Thursday, 13 September 2012
The start signal is given and a quick scan of the map suggests a clockwise route, controls being bunched in groups of three. 5-20-10 come first, then through the little park to 15-9-19. Rain starts to patter down at this stage and I begin to regret not bringing a map case. I stuff the map under my shirt to keep it dry. 4-18-14 come next and we then head for 8, trying to decide when to cut and make for home. We decide we should have time for 13 and then 17. The streets have gone quiet now, the runners probably already heading for the finish triangle. We reach our final two controls and make it back with a couple of minutes to spare.
I am grateful that my legs made it to the end. Pat is made of sterner stuff and has no worries, as we say round here. The street of Melbourne are as quiet and peaceful as always, excepting the hithering and thithering of itinerant head torches. It is very good exercise, cheap and cheerful, and extremely convenient to home. The navigational challenge is quite simple with these events but, given the grid-pattern nature of Melburnian streets, perhaps inevitable.
Soon, we will advance the clocks as summer gets nearer and then these events will be sunlit rather than torchlit. Maybe the navigational challenge will increase with the lengthening of daylight. Legs permitting, I know I'll be there.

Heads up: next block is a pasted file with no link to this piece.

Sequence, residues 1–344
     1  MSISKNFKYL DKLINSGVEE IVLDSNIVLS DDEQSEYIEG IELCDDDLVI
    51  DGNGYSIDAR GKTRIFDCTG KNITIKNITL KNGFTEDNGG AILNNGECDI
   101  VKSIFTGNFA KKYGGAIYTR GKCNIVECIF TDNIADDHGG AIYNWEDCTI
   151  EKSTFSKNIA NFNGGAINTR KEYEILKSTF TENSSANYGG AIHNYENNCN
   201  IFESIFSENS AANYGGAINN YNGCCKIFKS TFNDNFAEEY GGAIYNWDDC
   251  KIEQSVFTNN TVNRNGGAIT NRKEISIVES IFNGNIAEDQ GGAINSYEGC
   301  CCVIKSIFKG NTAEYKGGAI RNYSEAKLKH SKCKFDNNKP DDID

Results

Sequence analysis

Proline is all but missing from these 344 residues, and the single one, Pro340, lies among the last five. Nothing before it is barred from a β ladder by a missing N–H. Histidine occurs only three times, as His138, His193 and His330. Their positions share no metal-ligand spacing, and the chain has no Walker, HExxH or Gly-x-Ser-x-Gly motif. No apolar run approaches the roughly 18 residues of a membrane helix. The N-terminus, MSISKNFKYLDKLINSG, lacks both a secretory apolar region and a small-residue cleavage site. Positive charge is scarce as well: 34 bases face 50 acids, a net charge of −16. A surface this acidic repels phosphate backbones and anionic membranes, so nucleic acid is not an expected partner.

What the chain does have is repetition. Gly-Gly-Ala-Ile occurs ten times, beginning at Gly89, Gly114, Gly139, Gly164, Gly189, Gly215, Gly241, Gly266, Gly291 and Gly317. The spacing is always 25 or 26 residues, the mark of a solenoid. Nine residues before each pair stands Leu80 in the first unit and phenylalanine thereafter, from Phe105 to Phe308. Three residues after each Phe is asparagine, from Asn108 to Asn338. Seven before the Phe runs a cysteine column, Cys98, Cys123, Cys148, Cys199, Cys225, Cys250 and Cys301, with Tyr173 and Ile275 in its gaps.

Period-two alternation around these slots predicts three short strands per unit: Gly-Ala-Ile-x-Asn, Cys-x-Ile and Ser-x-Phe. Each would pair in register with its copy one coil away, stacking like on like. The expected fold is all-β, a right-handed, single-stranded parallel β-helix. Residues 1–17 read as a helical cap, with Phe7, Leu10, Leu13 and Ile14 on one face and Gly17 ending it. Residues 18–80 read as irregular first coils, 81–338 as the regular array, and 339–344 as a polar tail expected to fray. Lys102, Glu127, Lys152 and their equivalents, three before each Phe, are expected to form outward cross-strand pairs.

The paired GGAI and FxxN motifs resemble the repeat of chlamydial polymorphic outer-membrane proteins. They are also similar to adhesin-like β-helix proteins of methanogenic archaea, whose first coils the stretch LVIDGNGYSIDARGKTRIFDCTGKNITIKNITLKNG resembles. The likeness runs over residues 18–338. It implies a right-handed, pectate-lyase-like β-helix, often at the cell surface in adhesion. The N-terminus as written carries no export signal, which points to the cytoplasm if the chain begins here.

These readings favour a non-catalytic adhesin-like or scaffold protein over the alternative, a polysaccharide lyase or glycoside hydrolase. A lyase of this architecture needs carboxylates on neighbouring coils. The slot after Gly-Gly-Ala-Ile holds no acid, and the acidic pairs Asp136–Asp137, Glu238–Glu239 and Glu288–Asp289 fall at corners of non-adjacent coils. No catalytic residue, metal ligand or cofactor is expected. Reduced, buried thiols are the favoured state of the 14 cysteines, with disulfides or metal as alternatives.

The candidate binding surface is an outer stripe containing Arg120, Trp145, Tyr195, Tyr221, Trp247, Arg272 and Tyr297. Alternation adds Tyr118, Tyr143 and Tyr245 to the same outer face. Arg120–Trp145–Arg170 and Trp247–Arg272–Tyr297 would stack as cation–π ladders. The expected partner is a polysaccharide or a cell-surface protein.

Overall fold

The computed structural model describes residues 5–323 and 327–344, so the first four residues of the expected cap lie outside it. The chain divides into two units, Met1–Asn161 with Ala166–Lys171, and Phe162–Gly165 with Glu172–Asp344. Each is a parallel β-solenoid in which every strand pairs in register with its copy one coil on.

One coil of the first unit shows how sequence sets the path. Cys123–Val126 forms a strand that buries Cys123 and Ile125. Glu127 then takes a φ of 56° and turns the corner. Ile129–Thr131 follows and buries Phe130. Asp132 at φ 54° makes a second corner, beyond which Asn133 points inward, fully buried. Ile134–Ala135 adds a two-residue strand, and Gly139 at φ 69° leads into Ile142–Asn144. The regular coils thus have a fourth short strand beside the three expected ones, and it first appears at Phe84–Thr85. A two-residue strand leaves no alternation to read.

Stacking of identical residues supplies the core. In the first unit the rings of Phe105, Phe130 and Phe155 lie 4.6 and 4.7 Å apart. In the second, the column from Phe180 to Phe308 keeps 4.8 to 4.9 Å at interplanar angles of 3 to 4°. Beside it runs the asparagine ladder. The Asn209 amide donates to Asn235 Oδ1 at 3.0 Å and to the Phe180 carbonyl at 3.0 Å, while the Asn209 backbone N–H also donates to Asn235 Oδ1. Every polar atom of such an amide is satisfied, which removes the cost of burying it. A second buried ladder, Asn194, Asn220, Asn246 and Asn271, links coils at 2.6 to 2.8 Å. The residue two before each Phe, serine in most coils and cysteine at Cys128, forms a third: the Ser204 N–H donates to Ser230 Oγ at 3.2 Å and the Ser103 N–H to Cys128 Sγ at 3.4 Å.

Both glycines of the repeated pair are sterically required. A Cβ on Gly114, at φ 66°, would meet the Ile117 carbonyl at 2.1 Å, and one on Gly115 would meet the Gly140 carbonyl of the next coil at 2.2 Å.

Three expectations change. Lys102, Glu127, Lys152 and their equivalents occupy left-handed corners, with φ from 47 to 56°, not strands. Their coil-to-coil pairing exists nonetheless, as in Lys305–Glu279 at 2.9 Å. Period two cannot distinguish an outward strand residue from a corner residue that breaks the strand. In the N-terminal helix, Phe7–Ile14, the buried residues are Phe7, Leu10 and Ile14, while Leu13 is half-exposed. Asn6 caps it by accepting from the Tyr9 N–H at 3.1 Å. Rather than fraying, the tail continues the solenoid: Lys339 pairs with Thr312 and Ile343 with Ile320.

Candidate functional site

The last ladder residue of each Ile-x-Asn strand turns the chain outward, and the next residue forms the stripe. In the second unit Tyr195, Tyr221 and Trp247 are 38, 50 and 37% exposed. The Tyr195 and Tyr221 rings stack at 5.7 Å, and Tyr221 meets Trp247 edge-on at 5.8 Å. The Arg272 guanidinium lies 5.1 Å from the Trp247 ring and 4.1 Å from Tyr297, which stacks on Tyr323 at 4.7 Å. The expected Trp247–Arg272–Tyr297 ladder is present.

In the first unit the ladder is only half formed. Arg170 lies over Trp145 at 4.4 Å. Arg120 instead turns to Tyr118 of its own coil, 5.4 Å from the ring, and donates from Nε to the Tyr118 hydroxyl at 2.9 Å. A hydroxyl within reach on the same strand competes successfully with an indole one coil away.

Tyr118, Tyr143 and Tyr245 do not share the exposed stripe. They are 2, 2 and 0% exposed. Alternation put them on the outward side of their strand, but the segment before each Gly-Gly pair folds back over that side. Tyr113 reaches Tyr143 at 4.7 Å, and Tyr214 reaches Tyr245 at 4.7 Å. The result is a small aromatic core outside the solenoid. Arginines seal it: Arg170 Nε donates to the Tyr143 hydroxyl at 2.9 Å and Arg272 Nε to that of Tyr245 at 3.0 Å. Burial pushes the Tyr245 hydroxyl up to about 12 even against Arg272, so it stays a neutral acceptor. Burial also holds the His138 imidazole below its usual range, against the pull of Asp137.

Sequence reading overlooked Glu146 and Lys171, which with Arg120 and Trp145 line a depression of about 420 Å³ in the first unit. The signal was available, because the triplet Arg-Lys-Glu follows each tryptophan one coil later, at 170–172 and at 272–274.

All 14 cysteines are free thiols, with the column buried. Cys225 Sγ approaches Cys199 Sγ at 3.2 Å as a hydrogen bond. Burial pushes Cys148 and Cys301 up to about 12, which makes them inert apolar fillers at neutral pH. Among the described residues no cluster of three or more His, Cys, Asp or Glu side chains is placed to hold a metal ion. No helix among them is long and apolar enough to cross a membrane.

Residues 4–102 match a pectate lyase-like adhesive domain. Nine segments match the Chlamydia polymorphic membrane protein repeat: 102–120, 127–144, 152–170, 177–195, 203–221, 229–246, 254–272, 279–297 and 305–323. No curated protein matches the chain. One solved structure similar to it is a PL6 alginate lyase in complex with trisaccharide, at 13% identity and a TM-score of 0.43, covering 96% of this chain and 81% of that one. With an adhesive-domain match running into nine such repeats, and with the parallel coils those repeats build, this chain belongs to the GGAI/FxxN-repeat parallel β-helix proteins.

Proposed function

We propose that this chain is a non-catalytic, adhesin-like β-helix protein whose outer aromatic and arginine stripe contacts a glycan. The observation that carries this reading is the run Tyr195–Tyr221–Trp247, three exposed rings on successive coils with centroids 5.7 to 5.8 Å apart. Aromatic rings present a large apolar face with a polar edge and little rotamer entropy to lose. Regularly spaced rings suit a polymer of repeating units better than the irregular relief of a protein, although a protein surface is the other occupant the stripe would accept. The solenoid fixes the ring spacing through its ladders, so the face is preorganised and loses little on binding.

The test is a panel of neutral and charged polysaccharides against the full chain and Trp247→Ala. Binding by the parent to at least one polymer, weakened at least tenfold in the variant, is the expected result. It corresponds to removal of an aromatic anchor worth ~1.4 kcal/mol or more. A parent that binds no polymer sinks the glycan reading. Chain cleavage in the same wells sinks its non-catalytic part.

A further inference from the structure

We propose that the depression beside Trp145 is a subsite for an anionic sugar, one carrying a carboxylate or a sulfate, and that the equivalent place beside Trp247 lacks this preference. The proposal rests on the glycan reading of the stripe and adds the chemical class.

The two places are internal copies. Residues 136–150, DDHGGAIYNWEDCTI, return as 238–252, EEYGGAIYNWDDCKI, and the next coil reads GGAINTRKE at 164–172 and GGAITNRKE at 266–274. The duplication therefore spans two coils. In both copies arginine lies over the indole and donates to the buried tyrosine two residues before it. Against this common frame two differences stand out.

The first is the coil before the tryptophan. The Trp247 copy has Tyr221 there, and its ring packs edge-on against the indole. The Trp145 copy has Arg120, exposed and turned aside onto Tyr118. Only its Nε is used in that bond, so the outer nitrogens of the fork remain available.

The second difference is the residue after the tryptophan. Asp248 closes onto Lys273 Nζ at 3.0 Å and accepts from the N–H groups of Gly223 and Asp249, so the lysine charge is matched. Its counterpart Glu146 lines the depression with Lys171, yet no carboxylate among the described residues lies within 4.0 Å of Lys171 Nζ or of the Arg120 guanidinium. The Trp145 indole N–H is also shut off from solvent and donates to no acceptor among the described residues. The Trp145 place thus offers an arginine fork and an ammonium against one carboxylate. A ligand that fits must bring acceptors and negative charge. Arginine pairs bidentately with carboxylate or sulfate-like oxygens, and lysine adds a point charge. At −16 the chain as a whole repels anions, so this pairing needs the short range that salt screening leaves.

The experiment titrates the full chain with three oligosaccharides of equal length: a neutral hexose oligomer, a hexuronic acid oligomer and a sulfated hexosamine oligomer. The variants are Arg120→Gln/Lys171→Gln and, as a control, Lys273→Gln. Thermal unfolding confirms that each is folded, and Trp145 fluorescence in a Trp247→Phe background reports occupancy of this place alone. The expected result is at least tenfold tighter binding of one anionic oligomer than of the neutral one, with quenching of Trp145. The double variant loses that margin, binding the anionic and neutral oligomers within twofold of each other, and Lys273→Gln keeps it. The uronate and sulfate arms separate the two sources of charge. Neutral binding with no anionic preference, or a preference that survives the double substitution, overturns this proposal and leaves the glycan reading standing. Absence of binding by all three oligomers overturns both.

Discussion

Wednesday, 12 September 2012
Undaunted, we parked where we could and marched purposefully up the track. It steepened, and steepened, and then steepened some more. Eventually, the path gave way to an unbroken line of steps twisting their way upward through heavy foliage, following the line of a quiet creek down below us. We heaved and panted our way up, stopping frequently to read the plaques at the side of the trail dedicated to the Australian soldiers who fought against the Japanese army on the Kokoda Trail in Papua New Guinea. This was our only excuse for a rest. as dozens of people a third of our age trotted past us, some going up, many already descending.
One passing girl said to us, "Is this your first time?"
"You mean people do this more than once?" I replied.
"Oh yes, this is my second time up - this morning." With that, she was gone.
Eventually, after much brow-mopping, we reached the top and slumped onto a thoughtfully provided bench. A drink and a snack helped and, after some minutes, we continued on, heading downwards to a tarmac road. Next time, we'll drive up. Then we realised that the world had become silent. The lycra-wearing step runners had vanished, presumably back down the way they'd come. We had the woods totally to ourselves.
We walked on, down and round One Tree Hill, a definite misnomer if ever there was one. In the next hour, we saw only three other walkers, but heard hundreds of birds, tracking our progress overhead. We stopped to examine a bleeding tree, a red gum tree which had been scratched by an animal. The gum was now solid, the animal long gone.
Suddenly, my phone rings, reminding us of the world we'd left behind. Time to head back to the car. The car park is half empty now. My legs are wobbly, but previous ailments are forgotten as we sit by the car, sucking on a pear. A challenging walk, but not one we shall be repeating anytime soon. And when we do, we'll make it later in the day, shall we?